For beginner C programmers that's fine but for experienced C programmers who are only trying out something Wall is enough, any project that's only meant for one's own computer is usually gonna stay small, and more importantly they're usually gonna be a bodge it job, where it's NOT expected to grow and/or possibly go into the wild, it also serves as good practice for theory tests where you don't have the luxury of a compilers.
    I downloaded your "deflate.zip" you publicly posted.

    gcc version: 10.2.1 on Debian Linux Testing
    Code:
    gcc -Wall main.c
    No warnings or errors displayed.

    Code:
    gcc -std=c18 -Wall -Wextra -Wpedantic
    
    main.c: In function ‘PrintStreamDetails’:
    main.c:222:15: warning: format ‘%p’ expects argument of type ‘void *’, but argument 5 has type ‘STREAM *’ {aka ‘struct _STREAM *’} [-Wformat=]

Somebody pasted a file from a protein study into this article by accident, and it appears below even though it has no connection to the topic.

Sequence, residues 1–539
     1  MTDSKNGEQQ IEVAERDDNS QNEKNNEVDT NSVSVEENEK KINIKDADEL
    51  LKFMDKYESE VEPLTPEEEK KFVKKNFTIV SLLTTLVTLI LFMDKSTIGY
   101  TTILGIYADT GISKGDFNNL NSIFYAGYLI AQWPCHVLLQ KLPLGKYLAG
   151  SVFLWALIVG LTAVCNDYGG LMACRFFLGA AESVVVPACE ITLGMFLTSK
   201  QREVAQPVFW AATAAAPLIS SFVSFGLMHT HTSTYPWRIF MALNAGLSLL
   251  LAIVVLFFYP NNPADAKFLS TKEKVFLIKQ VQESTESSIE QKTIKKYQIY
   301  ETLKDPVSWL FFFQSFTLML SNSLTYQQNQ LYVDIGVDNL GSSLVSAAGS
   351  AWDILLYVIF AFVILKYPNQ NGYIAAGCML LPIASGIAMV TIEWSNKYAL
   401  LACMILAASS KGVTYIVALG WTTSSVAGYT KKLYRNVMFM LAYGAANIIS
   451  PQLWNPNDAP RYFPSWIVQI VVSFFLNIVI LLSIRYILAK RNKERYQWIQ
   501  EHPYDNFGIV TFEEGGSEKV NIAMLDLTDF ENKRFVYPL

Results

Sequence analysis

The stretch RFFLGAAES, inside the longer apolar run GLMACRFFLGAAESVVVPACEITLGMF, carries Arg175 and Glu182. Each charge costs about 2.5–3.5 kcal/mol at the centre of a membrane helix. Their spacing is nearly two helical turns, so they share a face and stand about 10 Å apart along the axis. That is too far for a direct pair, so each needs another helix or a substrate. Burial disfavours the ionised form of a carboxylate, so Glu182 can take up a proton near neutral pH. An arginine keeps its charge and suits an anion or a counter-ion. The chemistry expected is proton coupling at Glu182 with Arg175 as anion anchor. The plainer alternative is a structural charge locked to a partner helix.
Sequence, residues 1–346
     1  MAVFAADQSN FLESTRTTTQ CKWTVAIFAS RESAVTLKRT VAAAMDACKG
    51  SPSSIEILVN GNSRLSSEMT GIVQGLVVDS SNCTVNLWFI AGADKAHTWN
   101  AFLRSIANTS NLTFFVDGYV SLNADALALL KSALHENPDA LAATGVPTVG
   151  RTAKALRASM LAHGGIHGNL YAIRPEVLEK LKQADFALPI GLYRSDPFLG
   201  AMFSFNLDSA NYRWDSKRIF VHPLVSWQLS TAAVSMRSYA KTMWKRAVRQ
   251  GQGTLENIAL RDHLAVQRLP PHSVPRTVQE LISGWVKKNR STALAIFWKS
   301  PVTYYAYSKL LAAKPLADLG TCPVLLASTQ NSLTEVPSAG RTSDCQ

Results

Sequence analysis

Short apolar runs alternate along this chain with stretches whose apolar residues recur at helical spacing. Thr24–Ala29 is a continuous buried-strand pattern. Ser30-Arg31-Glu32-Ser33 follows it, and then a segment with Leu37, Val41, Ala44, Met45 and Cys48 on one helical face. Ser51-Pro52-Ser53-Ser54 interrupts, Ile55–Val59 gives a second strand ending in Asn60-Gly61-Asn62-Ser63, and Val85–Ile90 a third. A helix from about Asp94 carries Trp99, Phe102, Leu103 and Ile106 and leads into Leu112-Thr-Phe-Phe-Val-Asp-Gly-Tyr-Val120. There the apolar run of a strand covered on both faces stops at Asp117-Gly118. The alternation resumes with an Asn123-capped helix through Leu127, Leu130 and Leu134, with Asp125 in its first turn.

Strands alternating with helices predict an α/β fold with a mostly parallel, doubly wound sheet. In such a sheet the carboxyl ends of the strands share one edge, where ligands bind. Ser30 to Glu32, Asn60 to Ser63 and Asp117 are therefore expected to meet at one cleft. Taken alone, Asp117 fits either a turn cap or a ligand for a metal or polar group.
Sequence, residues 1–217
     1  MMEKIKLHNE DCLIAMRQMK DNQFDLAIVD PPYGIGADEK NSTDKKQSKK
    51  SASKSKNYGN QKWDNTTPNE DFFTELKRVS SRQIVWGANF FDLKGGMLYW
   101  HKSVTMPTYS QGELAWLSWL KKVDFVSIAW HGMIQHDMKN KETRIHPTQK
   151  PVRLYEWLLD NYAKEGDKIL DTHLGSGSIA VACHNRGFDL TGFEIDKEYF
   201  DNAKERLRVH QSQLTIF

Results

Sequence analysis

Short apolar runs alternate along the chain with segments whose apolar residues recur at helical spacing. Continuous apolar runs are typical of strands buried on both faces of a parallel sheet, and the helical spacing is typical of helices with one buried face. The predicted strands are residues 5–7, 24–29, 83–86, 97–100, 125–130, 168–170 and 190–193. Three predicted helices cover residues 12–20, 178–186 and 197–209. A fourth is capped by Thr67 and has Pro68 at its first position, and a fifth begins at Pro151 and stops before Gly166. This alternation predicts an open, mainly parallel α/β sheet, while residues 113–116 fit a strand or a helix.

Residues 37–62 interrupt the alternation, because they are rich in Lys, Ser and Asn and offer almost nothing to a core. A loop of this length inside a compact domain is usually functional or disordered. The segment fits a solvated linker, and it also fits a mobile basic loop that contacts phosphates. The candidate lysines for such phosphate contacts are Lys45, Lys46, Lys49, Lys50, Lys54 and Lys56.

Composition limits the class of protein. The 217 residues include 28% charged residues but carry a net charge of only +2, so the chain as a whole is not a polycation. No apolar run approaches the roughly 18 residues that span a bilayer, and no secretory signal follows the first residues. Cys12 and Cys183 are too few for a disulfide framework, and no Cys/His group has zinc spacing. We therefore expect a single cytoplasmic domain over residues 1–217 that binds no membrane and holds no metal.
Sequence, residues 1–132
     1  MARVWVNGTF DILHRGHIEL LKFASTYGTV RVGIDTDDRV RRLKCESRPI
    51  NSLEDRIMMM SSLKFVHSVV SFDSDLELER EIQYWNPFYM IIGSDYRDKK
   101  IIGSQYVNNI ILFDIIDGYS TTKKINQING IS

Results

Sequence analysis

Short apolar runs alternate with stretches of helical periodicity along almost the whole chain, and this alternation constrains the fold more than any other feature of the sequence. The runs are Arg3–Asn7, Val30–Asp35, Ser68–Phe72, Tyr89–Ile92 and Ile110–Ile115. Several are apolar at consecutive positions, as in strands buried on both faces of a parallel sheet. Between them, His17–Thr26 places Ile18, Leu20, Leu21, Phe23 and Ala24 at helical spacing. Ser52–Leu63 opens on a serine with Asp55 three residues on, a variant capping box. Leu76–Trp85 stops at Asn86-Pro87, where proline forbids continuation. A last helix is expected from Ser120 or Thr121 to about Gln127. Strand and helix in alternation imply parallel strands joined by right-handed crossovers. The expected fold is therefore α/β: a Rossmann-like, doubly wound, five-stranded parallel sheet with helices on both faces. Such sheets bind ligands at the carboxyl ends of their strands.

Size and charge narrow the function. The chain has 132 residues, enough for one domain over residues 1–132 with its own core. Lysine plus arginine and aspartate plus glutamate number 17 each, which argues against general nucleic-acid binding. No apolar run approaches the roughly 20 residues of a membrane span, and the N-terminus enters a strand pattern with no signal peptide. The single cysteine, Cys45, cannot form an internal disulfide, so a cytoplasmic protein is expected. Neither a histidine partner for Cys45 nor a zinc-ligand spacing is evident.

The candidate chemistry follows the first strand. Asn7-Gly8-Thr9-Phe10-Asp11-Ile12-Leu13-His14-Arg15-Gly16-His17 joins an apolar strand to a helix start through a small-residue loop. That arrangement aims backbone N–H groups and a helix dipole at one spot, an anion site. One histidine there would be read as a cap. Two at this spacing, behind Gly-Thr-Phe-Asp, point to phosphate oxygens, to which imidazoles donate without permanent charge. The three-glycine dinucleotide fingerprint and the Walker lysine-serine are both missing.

222 |   "%s:%u %s( %p ): ptr = %p, pos = %u, num = %u, max = %u, fed = %u, got = ",
          |              ~^
          |               |
          |               void *
    ......
      226 |   stream,
          |   ~~~~~~       
          |   |
          |   STREAM * {aka struct _STREAM *}
    main.c: In function ‘PrintSymbol’:
    main.c:295:50: warning: operand of ‘?:’ changes signedness from ‘int’ to ‘uint’ {aka ‘unsigned int’} due to unsignedness of other operand [-Wsign-compare]
      295 |  uint sym = isprint(symbol->sym) ? symbol->sym : -1;
          |                                                  ^~
    main.c:296:50: warning: operand of ‘?:’ changes signedness from ‘int’ to ‘uint’ {aka ‘unsigned int’} due to unsignedness of other operand [-Wsign-compare]
      296 |  uint lit = isprint(symbol->lit) ? symbol->lit : -1;
          |                                                  ^~
    main.c:300:26: warning: format ‘%p’ expects argument of type ‘void *’, but argument 5 has type ‘HUFFMAN_SYMBOL *’ {aka ‘struct _HUFFMAN_SYMBOL *’} [-Wformat=]
      300 |   "%s:%u: symbols[%3u] (%p): "
          |                         ~^
          |                          |
          |                          void *
    ......
      309 |   symbol,
          |   ~~~~~~                  
          |   |